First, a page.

• Thank you, it makes the argument more clear. In fact it looks specific to $z^2$, if i have have well understood it won't works for $z^3$ for instance, because in fact i was looking for an answer for any $P/Q$ where $P$ and $Q$ are two element of $\mathbb{C}[z]$. I will edit my post in this sense.
– Paul
Nov 16, 2011 at 10:01
• The same argument works for any branched cover $f$ between surfaces that has at least one branch point $f(z)$ of even index. That is, the composition $M\xrightarrow{f}N\subset\Bbb R^3$ is not $C^1$-close to an immersion. To see this, take a small closed curve $S$ in $N$ going around $f(z)$, and then apply the above argument with $S$ in place of the equator (with precision still smaller than the distance from $S$ to $f(z)$). If all branch points of $f$ have odd indexes, I believe $f$ is $C^1$-close (and hence also $C^\infty$-close) to an immersion. I'll consider $f=z^3$ in a separate answer. Nov 16, 2011 at 13:00

New answer to the generalized question. It's shown in previous answers that for $z^2$, and some other branched coverings, there are no immersions that are $C^1$-close except at the branch points. (I believe this should also imply that there are no immersions that are $C^1$-close except on a finite set.)

But $z^3:S^2\to S^2$ is arbitrarily $C^\infty$-close, except at the two branch points, to a $C^\infty$ immersion in $\Bbb R^3$. (Also, any $C^\infty$ map $S^2\to S^2$ that is equivalent to $z^3$ by a $C^0$ change of coordinates is $C^\infty$-close on the entire $S^2$ to an immersion in $\Bbb R^3$). To see this, pick a generic lift $f:S^1\to S^1\times\Bbb R$ of the $3$-fold covering $S^1\to S^1$. It suffices to show that the composition $f':S^1\xrightarrow{f} S^1\times\Bbb R\subset S^2$ bounds an immersion of a $2$-disk in a $3$-ball. Equivalently, we want to find a regular homotopy from $f'$ to an embedding. But it is an exercise that that there are only two regular homotopy classes of immersions $S^1\to S^2$, distinguished by the parity of the number of double points (in the case of self-transverse immersions).

• Ok you have a disc whose boundary is $z^3$ and hence you can be $C^\infty$ closed to $z^3$ on $S^2\setminus \{ S,N\})$ which answer to 2) but can you extend your immersion of $S^2$ to an immersion of $B^3$ OR is your sequence of approximation of $z^3$ get it Gaussian curvature bounded from above, i.e. the blow-up are given by necks and there is no pinching, this will answer to 1).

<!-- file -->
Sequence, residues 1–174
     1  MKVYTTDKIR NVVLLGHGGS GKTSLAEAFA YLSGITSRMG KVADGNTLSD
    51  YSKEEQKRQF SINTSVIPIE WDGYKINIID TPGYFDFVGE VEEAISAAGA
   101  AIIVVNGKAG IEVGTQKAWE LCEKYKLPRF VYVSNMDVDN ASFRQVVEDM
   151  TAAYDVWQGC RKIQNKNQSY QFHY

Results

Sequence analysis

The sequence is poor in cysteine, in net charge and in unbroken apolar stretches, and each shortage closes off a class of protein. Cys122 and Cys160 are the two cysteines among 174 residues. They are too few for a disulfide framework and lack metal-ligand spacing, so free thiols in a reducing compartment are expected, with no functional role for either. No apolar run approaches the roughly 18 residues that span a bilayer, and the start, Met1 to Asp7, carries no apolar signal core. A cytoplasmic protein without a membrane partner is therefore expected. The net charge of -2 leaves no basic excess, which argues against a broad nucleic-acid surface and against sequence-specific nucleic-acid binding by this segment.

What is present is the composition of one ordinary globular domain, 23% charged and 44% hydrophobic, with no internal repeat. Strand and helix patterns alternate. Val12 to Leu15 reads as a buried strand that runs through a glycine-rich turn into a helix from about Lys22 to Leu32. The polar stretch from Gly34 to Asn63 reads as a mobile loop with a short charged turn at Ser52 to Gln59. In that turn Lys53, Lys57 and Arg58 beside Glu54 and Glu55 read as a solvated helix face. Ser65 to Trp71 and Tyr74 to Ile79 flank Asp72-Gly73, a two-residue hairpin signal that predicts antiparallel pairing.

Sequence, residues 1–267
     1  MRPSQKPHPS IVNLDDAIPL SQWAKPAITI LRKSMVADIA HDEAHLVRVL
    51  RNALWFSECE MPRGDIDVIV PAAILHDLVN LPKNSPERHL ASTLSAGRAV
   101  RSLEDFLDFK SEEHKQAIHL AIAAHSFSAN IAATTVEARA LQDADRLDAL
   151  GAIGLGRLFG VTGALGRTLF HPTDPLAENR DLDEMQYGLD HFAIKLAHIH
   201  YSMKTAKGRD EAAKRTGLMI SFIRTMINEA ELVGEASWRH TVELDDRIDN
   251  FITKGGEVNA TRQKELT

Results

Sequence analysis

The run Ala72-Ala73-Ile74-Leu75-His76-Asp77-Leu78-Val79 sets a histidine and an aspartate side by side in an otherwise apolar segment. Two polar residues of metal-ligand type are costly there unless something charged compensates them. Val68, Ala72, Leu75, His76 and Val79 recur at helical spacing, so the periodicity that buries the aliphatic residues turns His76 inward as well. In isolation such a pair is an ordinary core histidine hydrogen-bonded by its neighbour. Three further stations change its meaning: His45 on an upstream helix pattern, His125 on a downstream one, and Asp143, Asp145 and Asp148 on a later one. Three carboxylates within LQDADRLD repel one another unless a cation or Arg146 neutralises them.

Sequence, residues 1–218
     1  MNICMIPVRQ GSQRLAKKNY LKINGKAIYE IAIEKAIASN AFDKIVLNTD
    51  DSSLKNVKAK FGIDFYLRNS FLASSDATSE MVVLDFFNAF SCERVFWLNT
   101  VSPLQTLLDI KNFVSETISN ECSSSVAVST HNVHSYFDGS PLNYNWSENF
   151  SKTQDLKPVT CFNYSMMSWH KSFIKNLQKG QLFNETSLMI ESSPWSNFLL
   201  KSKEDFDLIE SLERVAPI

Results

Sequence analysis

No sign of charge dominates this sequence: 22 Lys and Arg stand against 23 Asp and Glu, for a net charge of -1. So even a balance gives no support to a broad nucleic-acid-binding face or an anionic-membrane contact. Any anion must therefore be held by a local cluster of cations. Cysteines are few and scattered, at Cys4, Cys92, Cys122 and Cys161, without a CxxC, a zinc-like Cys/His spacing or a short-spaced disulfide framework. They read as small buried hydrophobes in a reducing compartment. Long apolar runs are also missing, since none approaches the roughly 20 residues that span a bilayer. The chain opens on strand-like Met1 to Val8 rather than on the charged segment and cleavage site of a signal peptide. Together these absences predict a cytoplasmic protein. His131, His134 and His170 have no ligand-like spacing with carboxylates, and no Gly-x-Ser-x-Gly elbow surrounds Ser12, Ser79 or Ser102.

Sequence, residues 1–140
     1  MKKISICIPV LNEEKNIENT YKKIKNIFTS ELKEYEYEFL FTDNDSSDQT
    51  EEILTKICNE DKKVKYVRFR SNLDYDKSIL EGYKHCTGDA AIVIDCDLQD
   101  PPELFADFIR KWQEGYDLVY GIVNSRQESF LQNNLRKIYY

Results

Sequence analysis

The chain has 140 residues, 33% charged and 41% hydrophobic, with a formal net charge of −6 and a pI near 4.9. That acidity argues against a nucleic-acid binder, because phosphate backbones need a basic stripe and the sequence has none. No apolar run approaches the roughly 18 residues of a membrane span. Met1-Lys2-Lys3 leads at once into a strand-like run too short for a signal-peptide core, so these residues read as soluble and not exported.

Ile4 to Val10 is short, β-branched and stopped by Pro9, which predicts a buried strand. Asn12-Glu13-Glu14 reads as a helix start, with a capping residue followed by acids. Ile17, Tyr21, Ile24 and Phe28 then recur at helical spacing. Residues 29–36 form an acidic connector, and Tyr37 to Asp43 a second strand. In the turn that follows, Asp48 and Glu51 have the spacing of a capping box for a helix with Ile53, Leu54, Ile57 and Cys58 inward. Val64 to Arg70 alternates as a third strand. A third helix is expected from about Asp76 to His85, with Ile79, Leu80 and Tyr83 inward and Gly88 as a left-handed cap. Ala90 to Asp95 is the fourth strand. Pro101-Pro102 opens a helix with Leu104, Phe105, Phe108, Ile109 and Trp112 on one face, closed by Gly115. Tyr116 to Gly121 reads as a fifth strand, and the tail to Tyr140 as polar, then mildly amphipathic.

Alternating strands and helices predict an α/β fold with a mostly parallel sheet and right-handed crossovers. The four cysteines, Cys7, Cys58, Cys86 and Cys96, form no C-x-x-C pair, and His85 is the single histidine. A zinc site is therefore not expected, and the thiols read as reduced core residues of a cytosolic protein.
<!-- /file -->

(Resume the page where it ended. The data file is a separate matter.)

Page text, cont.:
– Paul
Nov 16, 2011 at 14:10
• Paul, you're right, on $S^2\setminus\{S,N\}$. I don't think I fully understand what exactly 1) and 2) ask for. Nov 16, 2011 at 14:43
• Sergey, 1) and 2) are my initial question in the first post, i can rephrase them as follow:Thanks to your last answer, we know that there exist a sequence of immersion $f_k :S^2 \rightarrow \R^3$ which converge in $C_{loc}^2(S^2\setminus\{S,N\}$ to $z^3$, my question is: is it sill true if we assume one of following additional properties: i)$f_k$ is the restriction of an immersion of $B^3$. ii)the Gaussian curvature of $f_k(S^2)$ is bounded from above. Of course $z^3$ is example but i look for an answer for any branched covering of the sphere of the form $P/Q$.
– Paul
Nov 16, 2011 at 14:53
• OK, this makes it clear enough. I have no idea about (ii), and as to (i) it seems not so easy in general (should be doable for one specific map such as $z^3$). Note that every immersion $S^2\to\Bbb R^3$ is regular homotopic to an embedding, and so bounds an immersed $3$-ball in $\Bbb R^3\times [0,\infty)$. There is some theory on which immersed curves in the plane bound immersed surfaces in that plane, see for instance ams.org/journals/tran/1974-187-00/S0002-9947-1974-0341505-0, projecteuclid.org/euclid.ijm/1256049897, projecteuclid.org/euclid.hmj/1150922487. Nov 16, 2011 at 15:30

The answer is no. Two 2-dim smooth immersed in $\mathbb R^3$ objects generically intersect by line, so if intersection is a point then it can be eliminated. But it is clear that near $z^2$ there are no embeddings.

Therefore what do you want it is a immersions with self-intersections as a small circles and these circles collapse to points when $k\to\infty$. But if a selfintersection is a small circle, it can be eliminated too. Large circles in selfintersection can't disappear in limit.

• "Large circles in selfintersection can't disappear in limit." This is of course not true. For instance consider a generic immersion $f$ approximating the composition $\phi:S^1\times S^1\xrightarrow{2\times 1}S^1\times S^1\subset\Bbb R^3$. Such an $f$ ought to have large self-intersection circles (even though $\phi$ doesn't). Nov 15, 2011 at 20:04
• (I guess it depends on your linguistic conventions whether $\phi$ in the above comment is said to have "large self-intersection circles", because its self-intersection is a $2$-manifold; what I wanted to say is that whatever you call it, it's just like for the map in question, $S^2\xrightarrow{z^2}S^2\subset\Bbb R^3$.) Nov 15, 2011 at 20:10
• Sorry, I don't understand. The composition $S^2\xrightarrow{z^2}S^2\subset\Bbb R^3$ has infinitely many intersection points, in fact every point except for north and south poles has the same image as some other point. Nov 16, 2011 at 0:48